Kendricks has led the Vikings in tackles in six of his seven seasons and was named first-team All-Pro in 2019, and O’Connell calls him a “core player” and a key communicator on defense. But Kendricks will have a bit of a different role in 2022.

The Vikings have shifted from a 4-3 scheme, which featured Kendricks as the middle linebacker, to a 3-4, in which he will be one of two inside linebackers. So far, Kendricks likes how the adjustment has gone.

“Obviously, with the 4-3, you’re gapped out most of the time and this and that,” Kendricks said. “With the (3-4), it’s a little more ambiguous at times. It allows you to make decisions on the run, make plays, run around really. I like it.”

Another difference for the 2022 season is Kendricks no longer will play alongside outside linebacker Anthony Barr, his former UCLA roommate and teammate who joined the Vikings in 2014 but was not re-signed as a free agent. Kendricks called that “definitely weird” but that it’s “the nature of the business.”

Kendricks is building a good rapport with fellow inside linebacker Jordan Hicks, who signed as a free agent in March. Kendricks had gotten to know Hicks a bit previously at the 2015 combine and when he was teammates with his brother Mychal Kendricks in Philadelphia from 2015-17.

Kendricks called it “pretty wild” that he is entering his eighth NFL season. And he is challenging himself to be even more of a leader under the new coaching staff.

“I got to step up in ways that I can,” he said. “I got to be a leader when they least expect. Whether that’s how I work, maybe me being more verbal, maybe taking somebody to the side. I got to step up my game as a leader, for sure.”

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MN Senate Democrats make final push to legalize marijuana

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MN Senate Democrats make final push to legalize marijuana

A late push by Minnesota Senate Democrats to legalize marijuana failed Wednesday, underscoring that recreational pot use is unlikely to be allowed in Minnesota this year.

Marijuana is legal in Minnesota for certain medical purposes.

Wednesday’s effort, which failed in a procedural vote almost entirely along party lines in the Republican-controlled Senate, can be viewed through the lens of election-year politics.

Two cannabis-legalization parties are active in Minnesota, and Democrats fear that candidates from those parties can peel off some of their voters who feel strongly about marijuana. Wednesday’s maneuver by Senate Democrats, while doomed, can serve as DFLers laying down a marker that they are united in their support for total legalization.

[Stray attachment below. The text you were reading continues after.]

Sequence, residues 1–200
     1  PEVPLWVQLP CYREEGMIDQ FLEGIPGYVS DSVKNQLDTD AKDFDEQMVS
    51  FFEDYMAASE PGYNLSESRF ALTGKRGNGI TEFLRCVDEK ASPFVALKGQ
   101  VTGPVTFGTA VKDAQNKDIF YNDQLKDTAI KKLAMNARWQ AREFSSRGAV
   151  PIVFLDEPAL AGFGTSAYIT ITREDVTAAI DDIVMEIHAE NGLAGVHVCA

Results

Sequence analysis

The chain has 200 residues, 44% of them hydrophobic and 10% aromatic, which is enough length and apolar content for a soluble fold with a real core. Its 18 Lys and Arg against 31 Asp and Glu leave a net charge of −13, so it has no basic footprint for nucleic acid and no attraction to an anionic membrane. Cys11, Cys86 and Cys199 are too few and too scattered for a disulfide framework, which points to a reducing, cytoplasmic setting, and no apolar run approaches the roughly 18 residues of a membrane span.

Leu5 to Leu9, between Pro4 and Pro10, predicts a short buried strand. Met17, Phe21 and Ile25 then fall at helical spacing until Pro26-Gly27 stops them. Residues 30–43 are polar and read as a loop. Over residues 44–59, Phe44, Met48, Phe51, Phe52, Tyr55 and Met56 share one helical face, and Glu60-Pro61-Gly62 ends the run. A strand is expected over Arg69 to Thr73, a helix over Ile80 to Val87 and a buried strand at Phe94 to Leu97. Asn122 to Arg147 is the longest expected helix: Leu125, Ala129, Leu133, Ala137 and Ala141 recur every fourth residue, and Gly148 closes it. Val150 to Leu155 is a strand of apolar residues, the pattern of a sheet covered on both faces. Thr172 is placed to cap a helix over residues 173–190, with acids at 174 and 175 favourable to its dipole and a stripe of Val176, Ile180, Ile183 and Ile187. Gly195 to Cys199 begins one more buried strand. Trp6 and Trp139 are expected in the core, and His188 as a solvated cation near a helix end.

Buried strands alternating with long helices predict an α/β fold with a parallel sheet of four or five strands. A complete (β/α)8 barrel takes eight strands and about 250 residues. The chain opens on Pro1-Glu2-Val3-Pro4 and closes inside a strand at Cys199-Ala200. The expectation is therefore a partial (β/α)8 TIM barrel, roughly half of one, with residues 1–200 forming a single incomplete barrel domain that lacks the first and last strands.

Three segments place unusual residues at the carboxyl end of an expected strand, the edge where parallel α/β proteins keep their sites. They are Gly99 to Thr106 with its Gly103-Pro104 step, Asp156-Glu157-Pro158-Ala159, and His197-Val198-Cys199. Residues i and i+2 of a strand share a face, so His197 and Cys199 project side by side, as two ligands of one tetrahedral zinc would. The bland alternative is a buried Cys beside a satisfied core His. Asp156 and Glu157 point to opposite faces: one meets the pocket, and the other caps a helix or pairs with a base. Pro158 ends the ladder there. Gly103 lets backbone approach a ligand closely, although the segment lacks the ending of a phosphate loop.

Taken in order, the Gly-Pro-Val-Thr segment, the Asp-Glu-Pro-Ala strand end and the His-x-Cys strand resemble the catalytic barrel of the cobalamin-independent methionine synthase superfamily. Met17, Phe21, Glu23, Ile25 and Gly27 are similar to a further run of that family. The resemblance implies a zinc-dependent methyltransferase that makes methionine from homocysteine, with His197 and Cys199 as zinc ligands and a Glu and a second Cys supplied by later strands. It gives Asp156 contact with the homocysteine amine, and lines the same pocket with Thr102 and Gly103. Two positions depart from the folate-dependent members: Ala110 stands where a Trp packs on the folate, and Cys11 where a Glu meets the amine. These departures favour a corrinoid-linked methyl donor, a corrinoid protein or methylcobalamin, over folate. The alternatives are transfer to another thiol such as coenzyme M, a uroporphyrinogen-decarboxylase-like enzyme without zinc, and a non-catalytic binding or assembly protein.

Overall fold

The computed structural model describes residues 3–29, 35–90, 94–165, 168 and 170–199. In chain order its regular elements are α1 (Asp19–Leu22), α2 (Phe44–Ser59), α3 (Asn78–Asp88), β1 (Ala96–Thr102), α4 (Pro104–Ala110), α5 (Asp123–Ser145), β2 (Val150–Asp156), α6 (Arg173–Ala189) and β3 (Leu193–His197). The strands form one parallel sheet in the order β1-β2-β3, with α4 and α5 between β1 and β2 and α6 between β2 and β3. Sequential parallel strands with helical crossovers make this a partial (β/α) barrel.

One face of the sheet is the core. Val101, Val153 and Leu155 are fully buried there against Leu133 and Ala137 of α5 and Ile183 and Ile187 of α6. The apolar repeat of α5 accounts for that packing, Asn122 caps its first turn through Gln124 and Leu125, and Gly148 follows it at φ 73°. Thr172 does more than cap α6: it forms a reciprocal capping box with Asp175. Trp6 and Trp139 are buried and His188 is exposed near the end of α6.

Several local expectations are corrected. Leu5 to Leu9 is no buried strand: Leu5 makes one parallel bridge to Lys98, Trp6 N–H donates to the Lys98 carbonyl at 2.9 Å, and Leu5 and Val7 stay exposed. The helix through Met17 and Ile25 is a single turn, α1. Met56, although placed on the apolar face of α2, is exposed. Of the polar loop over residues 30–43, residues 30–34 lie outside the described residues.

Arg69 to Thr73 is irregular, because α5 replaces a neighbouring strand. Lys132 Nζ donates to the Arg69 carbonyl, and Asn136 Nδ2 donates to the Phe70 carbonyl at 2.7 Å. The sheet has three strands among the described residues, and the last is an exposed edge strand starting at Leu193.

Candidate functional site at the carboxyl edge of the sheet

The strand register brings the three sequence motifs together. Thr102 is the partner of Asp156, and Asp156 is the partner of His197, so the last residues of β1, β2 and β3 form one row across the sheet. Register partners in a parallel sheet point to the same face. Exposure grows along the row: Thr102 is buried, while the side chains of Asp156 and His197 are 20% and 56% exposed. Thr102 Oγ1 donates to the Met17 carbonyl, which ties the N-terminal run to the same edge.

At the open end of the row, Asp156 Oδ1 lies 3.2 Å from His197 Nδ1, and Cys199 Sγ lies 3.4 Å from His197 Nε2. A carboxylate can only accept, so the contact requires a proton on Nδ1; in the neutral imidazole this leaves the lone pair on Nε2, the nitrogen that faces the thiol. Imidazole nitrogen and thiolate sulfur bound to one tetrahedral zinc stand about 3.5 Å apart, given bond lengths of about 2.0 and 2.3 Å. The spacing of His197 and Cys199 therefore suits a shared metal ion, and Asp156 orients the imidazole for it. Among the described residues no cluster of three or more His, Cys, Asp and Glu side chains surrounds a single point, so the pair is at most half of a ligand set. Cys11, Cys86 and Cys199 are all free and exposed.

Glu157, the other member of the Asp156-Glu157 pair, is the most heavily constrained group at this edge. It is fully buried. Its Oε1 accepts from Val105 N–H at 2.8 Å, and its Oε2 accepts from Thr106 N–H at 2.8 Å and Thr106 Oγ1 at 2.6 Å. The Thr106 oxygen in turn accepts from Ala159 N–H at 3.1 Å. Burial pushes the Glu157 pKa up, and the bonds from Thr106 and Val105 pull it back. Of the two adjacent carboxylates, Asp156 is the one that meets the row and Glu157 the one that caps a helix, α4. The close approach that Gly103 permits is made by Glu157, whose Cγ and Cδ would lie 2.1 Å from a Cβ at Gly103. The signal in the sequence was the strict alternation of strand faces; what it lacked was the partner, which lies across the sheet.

The Democratic-Farmer-Labor-controlled House passed a plan to legalize pot last year, with some Republicans voting in favor of it, and Gov. Tim Walz, a Democrat, has said he would sign it if it were to reach his desk.

However, support among Republicans in the Senate has never been strong, and many are stridently opposed. Some Senate Republicans have been amenable to “decriminalization” plans that would lessen penalties for pot and expunge records of those convicted for minor possession. Former state Sen. Scott Jensen, the Republican-endorsed candidate for Governor this year, supports such expungement.

On Wednesday, Senate Minority Leader Melisa Lopez Franzen called such measures “piecemeal” and said they wouldn’t suffice.

Wednesday’s vote in the Senate wasn’t actually on the merits of legalization, but on whether the proposal should be brought to the Senate floor. Every DFLer who voted on the measure voted in favor of that idea, while every Republican who voted cast their vote against it. Two retiring independents, Sens. Tom Bakk of Cook and David Tomassoni of Chisholm, split their votes, with Bakk opposing and Thomassoni supporting.

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Tartan High senior chosen as ThreeSixty scholar for four-year scholarship to St. Thomas

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Tartan High senior chosen as ThreeSixty scholar for four-year scholarship to St. Thomas

Gwynnevere Vang, a senior at Tartan High School in Oakdale, has been chosen as the ThreeSixty Journalism Scholar and will attend the University of St. Thomas in St. Paul on a four-year, full-tuition scholarship.

The honor is awarded each year to one student enrolled in the nonprofit high school journalism program, which draws participants from across the metro area. There are currently four ThreeSixty Journalism Scholars enrolled at St. Thomas.

Housed at St. Thomas since 2001, ThreeSixty Journalism launched at the University of Minnesota in 1971 as the Urban Journalism Workshop, providing basic journalism training to Minnesota high school students, particularly low-income teens and teens of color. The program was part of a nationwide effort to increase the presence of people of color in newsrooms in order to better reflect and serve increasingly diverse communities. The Pioneer Press and Star Tribune are active partners.

Vang, in a written statement, said her career goal is to travel the country — if not the world — telling stories about the earth’s natural beauty and environmental movements. She joined ThreeSixty in summer 2020 and remained active with the program during the school year, completing a TV Broadcast Camp and high school journalism classes while contributing to her school’s online newspaper, the Plaid Press.